Solving masking is quite possibly Pixelz’ most important challenge. “As it is today, 40% of our time is spent on masking alone,” says Jakob. Update 2021: now, thanks to AI, it is down to 35% including advanced masks and paths (where our customers require several masks/paths for the image details).
“I think the big push in machine learning is going to be a hybrid model between AI and human,” Jakob continues. “For masking, the idea is that when the image comes in we have somebody—right now an editor, but we’re training an AI—draw a rough path around it. It takes two seconds in the interface, and it helps the algorithm detect the edge and distinguish between props and the actual product. Then we push it server side, AI removes the background, and it’s sent back to an editor that validates and maybe refines it. Over time, the AI should be able to do more and more.”
Drawing a rough path around an image is part of generating a “trimap.” A trimap in our system breaks an image into three segments: the foreground (keep it!), background (delete it!), and the border area outlining where the mask will be drawn.
Gains, gains, and more gains (or how to mask a million images in 30 seconds)
Okay, that sounds cool. But why go to so much trouble? What kind of tangible gains can we REALLY see from AI automation?
The answers are pretty astonishing. It’s a work in progress and quantifying is a challenge for broad metrics, but for AI masking alone we’ve seen:
- 15x faster masking
- There’s a lot of variance, since masking time is product specific. A human might take anywhere from 20 seconds to 30 minutes to mask a product, while AI ranges from near instantaneous to 1-2 minutes (or longer for both humans and AI on something like a bicycle). At present, most AI masks need additional adjusting afterward—but the human finishing off the mask has a huge head start! Edit 2021: now 50% of our AI-made masks do not need additional work! Which leads to...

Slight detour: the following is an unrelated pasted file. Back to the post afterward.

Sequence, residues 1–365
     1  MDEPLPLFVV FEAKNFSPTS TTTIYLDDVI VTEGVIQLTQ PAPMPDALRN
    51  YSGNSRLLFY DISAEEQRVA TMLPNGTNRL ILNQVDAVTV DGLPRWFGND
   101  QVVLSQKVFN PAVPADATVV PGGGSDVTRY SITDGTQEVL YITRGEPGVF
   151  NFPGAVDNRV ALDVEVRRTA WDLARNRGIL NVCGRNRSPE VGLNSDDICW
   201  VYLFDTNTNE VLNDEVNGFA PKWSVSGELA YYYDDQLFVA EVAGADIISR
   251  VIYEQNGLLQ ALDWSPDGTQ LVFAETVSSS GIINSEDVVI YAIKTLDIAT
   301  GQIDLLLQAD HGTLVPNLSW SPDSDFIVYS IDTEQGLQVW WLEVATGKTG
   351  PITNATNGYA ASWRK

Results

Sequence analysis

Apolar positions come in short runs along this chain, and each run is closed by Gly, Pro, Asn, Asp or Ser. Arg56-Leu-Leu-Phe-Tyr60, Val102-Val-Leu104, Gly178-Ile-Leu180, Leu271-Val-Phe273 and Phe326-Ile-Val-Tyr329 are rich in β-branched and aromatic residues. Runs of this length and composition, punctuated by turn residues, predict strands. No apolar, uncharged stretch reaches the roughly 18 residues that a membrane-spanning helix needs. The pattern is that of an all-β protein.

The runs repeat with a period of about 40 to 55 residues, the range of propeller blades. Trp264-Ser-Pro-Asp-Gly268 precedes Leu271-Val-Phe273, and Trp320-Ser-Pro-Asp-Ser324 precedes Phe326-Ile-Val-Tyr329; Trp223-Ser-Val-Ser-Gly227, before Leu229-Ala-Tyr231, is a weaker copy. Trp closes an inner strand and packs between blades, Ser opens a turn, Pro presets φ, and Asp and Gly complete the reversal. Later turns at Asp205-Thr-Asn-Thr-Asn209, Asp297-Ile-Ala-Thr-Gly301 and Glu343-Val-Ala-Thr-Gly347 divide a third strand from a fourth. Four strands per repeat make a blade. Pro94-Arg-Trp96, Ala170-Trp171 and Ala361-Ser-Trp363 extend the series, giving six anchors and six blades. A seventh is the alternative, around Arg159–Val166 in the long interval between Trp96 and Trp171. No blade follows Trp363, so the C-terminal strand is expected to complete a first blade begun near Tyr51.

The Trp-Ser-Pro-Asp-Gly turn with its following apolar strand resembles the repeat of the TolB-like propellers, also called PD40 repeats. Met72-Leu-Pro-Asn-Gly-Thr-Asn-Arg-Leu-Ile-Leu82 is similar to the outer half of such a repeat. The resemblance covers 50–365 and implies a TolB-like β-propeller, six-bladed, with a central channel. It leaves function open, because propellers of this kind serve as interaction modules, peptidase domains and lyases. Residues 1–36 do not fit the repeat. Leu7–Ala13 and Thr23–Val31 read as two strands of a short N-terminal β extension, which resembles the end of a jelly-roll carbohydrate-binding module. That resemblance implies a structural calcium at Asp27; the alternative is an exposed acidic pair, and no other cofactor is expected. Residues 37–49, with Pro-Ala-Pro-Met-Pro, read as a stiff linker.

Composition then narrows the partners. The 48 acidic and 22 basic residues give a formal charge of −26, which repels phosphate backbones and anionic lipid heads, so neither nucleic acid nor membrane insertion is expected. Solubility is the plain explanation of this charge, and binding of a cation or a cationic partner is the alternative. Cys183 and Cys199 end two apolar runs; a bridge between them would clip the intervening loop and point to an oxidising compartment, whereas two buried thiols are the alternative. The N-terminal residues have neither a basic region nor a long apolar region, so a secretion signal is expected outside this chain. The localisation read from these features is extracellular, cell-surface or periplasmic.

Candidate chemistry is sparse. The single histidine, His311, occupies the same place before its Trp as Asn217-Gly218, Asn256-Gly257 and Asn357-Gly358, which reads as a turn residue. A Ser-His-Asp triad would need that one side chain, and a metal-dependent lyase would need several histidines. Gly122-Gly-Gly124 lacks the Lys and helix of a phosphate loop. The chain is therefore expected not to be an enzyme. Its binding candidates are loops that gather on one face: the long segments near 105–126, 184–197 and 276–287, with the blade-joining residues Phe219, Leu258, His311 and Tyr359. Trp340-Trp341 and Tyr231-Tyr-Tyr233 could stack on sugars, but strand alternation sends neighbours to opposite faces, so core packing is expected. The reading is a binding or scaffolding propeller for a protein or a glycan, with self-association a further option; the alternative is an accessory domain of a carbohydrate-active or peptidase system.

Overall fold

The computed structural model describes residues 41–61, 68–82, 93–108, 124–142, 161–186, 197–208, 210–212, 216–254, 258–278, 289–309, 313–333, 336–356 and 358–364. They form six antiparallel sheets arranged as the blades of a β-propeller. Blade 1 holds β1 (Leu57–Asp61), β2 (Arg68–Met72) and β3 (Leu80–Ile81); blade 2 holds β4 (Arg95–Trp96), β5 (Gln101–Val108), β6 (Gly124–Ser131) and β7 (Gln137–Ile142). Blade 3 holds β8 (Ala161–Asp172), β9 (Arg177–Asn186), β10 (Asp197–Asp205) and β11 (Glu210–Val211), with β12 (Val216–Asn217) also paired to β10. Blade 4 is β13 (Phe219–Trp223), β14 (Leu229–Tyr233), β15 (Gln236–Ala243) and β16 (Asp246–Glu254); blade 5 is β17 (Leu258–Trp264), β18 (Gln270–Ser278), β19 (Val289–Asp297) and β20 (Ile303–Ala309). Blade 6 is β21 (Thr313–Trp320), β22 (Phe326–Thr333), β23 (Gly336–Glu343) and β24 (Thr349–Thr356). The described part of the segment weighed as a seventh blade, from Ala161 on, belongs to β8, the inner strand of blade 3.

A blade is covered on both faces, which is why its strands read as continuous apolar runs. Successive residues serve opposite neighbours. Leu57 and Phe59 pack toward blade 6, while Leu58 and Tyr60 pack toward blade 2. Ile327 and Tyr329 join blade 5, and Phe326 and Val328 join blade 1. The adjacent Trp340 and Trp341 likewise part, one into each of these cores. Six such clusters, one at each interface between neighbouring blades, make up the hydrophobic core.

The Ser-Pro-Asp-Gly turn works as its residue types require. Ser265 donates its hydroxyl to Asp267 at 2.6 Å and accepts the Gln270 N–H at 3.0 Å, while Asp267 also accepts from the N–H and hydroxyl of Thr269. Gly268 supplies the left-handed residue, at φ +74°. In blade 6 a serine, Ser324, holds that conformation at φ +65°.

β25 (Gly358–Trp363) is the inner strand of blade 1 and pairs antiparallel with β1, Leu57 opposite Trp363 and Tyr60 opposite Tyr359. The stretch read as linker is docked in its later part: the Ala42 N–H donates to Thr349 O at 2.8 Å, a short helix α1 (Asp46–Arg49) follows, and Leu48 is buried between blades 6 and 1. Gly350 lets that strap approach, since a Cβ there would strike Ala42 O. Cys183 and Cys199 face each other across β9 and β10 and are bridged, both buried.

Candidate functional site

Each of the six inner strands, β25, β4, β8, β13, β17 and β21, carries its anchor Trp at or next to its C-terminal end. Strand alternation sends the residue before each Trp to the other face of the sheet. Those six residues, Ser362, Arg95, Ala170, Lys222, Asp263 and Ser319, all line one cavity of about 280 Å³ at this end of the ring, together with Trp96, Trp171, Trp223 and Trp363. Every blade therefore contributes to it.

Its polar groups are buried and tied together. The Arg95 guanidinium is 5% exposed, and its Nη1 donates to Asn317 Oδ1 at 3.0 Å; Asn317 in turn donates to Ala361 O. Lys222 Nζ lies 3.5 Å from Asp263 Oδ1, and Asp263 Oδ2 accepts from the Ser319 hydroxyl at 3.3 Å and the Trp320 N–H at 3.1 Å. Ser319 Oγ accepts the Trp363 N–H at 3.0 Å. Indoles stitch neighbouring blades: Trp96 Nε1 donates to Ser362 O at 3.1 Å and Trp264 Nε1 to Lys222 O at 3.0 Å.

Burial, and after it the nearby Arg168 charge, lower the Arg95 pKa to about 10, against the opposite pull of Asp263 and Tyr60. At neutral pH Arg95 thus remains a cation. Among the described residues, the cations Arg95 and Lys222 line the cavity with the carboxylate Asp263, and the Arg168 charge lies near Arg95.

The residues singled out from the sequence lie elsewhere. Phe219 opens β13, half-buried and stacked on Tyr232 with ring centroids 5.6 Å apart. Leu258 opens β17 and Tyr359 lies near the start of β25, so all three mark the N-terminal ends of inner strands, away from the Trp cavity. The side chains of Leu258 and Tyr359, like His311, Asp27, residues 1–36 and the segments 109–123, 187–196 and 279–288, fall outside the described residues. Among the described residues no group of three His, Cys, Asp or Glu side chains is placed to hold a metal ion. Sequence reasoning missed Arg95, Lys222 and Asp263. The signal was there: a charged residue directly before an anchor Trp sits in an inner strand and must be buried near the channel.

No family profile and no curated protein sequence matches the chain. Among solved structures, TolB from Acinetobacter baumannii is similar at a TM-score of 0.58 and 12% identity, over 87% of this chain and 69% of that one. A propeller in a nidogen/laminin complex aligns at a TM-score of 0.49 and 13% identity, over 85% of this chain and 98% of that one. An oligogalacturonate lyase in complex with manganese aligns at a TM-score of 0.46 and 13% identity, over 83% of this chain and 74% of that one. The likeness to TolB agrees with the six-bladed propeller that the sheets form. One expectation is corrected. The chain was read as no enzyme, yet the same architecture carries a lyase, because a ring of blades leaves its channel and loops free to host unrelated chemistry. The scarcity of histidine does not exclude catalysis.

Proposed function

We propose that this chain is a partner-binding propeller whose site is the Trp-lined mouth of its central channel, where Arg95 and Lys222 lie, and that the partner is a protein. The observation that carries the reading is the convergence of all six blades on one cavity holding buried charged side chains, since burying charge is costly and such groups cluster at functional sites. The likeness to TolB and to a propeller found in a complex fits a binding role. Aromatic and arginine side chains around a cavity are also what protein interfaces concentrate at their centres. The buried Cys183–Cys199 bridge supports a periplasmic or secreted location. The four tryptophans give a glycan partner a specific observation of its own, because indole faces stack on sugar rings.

- Savings of 15% on production costs (projected for 2018)
- We spent a lot on research and development, but now that AI masking is up and running we’re seeing significant ROI (remember, masking accounts for 40% of all our retouching time). As an added bonus, our editors have more time to become proficient at more advanced retouching tasks, adding more value to our clients.
- Infinite scale
- Our neural networks run in the cloud. Additionally, more image volume means more accurate AI because each image edited helps train it.
On that last point—and this is where you really begin to see the power of AI—we’ve made our masking AI autoscaling on Amazon servers. As Pixelz CTO Janus Matthesen puts it, “We automatically spin up new servers as we get more images and scale down again when we are done. That means we can decide how fast we want our images to move through the step by simply spinning up more servers. The AI spends about 30 seconds per image, so in theory (with enough servers), we can complete any AI Mask workload in 30 seconds.”
That's right. Whether 10 images, 10,000, or 1,000,000, they can all be masked in 30 seconds. Update 2021: we can actually do it in 12 seconds now, and with better precision and higher quality, however, there is a tradeoff with speed and cost, and we don't always need our AI to work so fast, so we control our speed to meet our production demands.
Not all automation is intelligent (Scripts aren’t AI!)
Let’s do a quick rewind before we dive into some of the more technical aspects.
First, start with a basic fact: not all automated processes are intelligent. To truly be intelligent, a process must be capable of learning.
For example, we have many automated processes that are not intelligent. They’re bots, scripts that work on tasks like “Apply Path,” “Apply Mask,” “Auto Preparation,” “Auto Finalize,” and “Auto Stencil.” They’re sophisticated, but limited in scope by their author’s imagination. They’re not going to get better at their tasks without human intervention: for example, when a scripter sees we need new handling for a different product type and goes in to manually modify the script.
That type of unintelligent bot is where Pixelz began automation years ago.
“The origins of it?” Jakob says. “We had a step where we only needed to import a layer to a step. We had people sitting and doing that, just pushing a button and then waiting for a script to run, ten or fifteen seconds. It was not only time consuming, but a hell of a boring job.”
AI is different. An artificial intelligence is capable of learning, primarily by guessing and learning from the results of trial and error.